Forest guard Jiten Lahon has spent over twenty years patrolling the park, and is one of the most experienced wildlife protectors in Kaziranga. Photo: Assam Forest Department (KNP)

However, the most challenging days for Jiten and his team was when the flood waters were once 4-6 feet high next to their camp. “It got difficult to even bring in rations for our team mates,” he rues. Stems of water hyacinth spread across the water, completely clogging the waterways, preventing boats from crossing. Even drinking water got scarce with the tube well submerged under flood waters. He recalled incidents when with his team of three members had to survive on a bowl of pulses for two days.

Safe passage

Rescuing wild animals stranded in flood waters or those that have strayed into villages is what 24-year old Forester-1, Santosh Shah finds most challenging. Posted in KNP’s flood-prone Biswanath Wildlife Division, he says, “Animals get displaced from the park as major portions get flooded by the Brahmaputra. Smaller animals like the hog deer or elephant calves may get stranded in flood waters and struggle to survive against high currents. Others like rhinos may enter nearby villages.” In such situations, the rescue team has to act quickly. They sometimes need to dive into the water to save an animal. At other times they have to rush into a village and control the mob so that the animal does not attack. Then they either release the animals safely in the highlands (the park’s higher elevations are where animals huddle together during floods) or take it to the rescue centre if treatment is required.

“All such efforts and tireless services of our foot soldiers make Kaziranga what it is today,” says Rohini Ballav Saikia, Divisional Forest Officer, in the Eastern Assam Wildlife Division. The frontline staff are the backbone of the forest department and integral to its conservation success. No technological interventions can ever replace their efforts, conducted under extreme hardship. Sacrificing their personal lives, they are always up on their feet to brave the unique challenges of the landscape, he adds with pride.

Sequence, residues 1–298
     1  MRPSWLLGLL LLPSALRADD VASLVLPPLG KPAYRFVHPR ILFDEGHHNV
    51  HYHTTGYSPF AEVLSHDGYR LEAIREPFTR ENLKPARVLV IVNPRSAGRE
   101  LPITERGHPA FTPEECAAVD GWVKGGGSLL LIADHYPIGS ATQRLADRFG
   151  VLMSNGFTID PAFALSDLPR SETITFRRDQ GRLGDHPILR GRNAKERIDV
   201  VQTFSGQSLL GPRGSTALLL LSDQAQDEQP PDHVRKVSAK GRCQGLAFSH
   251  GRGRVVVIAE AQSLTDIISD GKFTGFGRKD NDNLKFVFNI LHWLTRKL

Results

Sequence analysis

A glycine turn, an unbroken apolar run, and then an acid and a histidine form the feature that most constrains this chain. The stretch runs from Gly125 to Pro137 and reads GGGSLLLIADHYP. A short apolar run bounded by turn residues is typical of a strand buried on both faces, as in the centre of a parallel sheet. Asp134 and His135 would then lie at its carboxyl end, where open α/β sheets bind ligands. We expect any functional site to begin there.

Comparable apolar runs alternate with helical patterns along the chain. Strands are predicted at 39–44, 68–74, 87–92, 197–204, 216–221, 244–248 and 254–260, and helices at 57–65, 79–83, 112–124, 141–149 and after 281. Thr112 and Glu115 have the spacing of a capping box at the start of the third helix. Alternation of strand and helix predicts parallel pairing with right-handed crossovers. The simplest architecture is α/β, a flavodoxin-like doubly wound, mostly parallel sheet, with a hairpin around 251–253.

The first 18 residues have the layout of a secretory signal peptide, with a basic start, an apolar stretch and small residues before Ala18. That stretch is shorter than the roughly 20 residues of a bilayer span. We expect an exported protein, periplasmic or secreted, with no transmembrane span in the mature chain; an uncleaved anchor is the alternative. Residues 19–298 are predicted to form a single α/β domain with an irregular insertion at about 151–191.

KEEPERS OF KAZIRANGA

Kaziranga National Park is divided into two divisions: North Kaziranga Wildlife Division and South Kaziranga Wildlife Division. The River Brahmaputra divides these two divisions which cover a total area of 1,030 sq km. The Northern Range (401 sq km) is also called the Biswanath Wildlife Division and has four ranges of its own: Eastern or Gamiri, Central or Biswanath Ghat, Western or Nagshankar, and Crime Investigation Range.

Kaziranga National Park has a multi-hierarchal protection forces to ensure the smooth administration of the park and the safety of its residents. This includes forest guards, home guards, constables from two battalions of Assam forest protection force (that was constituted in 2011-12) besides foresters, rangers, divisional forest officers headed by a field director. The state forest department also has a Special Rhino Protection Force, deputed in Kaziranga, Manas, and Orang national parks to strengthen the protection of the rare species.

Moushumi Basu

is an independent environment and wildlife journalist from India. Her stories have featured in SciDev.net, BBC Wild, National Geographic, Down to Earth.